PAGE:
There are 3 main types of glass in common use today.
Float glass – more commonly used in bottle glass, wine bottles, milk bottles etc.
Laminated glass – commonly found in double glazed windows, vehicle windscreens and some shop fronts.
Toughened glass – also referred to as tempered or safety glass, but basically the same thing, usually found in vehicle side or passenger window, and most single glazed window or door units.
How can I tell? – The best way to check which glass you have is to look for a Kite Mark in one of the corners of the glass. Type your Kite Mark digits into Google and you should find your glass type very easily. Most glass used in modern construction should carry a Kite Mark, but in its absence always assume that the glass is laminate.
A quick note about Kitemarks – According to the NHBC: All IGUs (Insulated Glass Units) are now required to have third party certification (e.g. Kitemarking). This applies to IGUs installed in all types of frame, including timber windows and windows fabricated under a BBA certificate.
Our DIY scratched glass repair kits will work with all types of glass, but different glass types react differently to polishing so you should keep a few key points in mind.
Float Glass – It is unlikely that you will be repairing float glass, but if you are, slow and gentle is the key. Unlike laminated or toughened glass, when float glass breaks, it shatters into jagged pieces and is not designed to hold its form. A jagged piece of glass propelled by a polishing head moving at 2500 rpm could do a lot of damage. Extreme care is called for. We would not recommend repairing float glass with a DIY Scratched Glass Repair Kit.
Laminate Glass – is softer than toughened glass and so does not always require the same level of abrasive to achieve your initial ‘bite’ into the glass. It is also the easiest glass to polish. Having said this, care must be taken not to put too much pressure on to the glass or to generate too much heat. Too much of either can cause the glass to crack. Unlike float glass, laminate is designed to hold its form when damaged so it will crack rather than shatter. Extra care should be taken around the edges and corners of laminate glass in relation to heat and pressure. Having said this, do not let it put you off repairing your own scratch damage. If you follow the instructions included with your DIY kit carefully, you should avoid any nasty surprises.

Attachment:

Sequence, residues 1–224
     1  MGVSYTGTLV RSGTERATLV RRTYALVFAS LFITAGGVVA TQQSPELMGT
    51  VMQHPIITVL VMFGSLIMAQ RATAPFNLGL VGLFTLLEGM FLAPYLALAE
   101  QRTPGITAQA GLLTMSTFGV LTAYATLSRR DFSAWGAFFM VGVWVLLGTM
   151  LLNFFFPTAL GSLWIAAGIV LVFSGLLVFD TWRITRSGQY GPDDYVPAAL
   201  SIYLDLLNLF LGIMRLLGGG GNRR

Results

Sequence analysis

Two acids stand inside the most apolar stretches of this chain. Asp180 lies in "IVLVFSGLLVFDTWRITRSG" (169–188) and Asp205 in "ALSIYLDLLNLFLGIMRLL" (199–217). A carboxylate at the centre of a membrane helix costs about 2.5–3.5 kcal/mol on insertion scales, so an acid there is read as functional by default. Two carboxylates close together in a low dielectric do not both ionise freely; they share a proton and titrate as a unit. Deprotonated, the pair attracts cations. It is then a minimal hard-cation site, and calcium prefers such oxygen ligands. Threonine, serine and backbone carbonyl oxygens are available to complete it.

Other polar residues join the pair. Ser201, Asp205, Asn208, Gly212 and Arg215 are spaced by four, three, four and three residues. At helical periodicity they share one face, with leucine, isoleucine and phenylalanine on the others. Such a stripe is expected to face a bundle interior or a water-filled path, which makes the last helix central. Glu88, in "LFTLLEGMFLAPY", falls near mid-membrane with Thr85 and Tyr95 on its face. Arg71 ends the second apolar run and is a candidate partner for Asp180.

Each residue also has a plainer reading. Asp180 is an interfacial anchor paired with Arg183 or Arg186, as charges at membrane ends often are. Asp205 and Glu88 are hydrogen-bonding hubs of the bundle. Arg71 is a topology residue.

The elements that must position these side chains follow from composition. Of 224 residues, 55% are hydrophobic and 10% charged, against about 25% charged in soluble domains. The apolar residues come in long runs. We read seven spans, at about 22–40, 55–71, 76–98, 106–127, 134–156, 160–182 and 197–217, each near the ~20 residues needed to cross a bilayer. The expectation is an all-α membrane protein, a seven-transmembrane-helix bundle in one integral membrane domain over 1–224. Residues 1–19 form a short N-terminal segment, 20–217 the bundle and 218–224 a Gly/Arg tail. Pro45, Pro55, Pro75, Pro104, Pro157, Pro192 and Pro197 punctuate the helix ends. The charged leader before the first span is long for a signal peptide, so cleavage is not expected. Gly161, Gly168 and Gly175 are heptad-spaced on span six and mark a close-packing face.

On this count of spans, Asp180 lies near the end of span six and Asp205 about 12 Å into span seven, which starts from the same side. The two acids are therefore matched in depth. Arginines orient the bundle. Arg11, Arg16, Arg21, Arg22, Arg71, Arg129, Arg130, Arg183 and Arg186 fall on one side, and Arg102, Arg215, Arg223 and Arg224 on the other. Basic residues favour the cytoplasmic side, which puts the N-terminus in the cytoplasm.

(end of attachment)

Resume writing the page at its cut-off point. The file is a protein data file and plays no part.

Toughened Glass – As the name suggests, toughened glass is often harder to achieve the initial ‘bite’ and may require a harsher level of abrasive to begin with. Unlike float or laminate, heat and pressure are not really an issue when polishing toughened glass. It is almost impossible to put enough heat into the glass to make it crack, but for those of you who like to prove a point, the key word is almost! When toughened glass breaks, it is designed to shatter into small pieces but to absorb impact. When it shatters, the complete unit will shatter.
Other Glass Types – Glass polishing works for all types and make-up of glass. No matter what the glass is called, Smart Glass, Tempered, even bulletproof glass, it is all basically constructed of either laminate or toughened.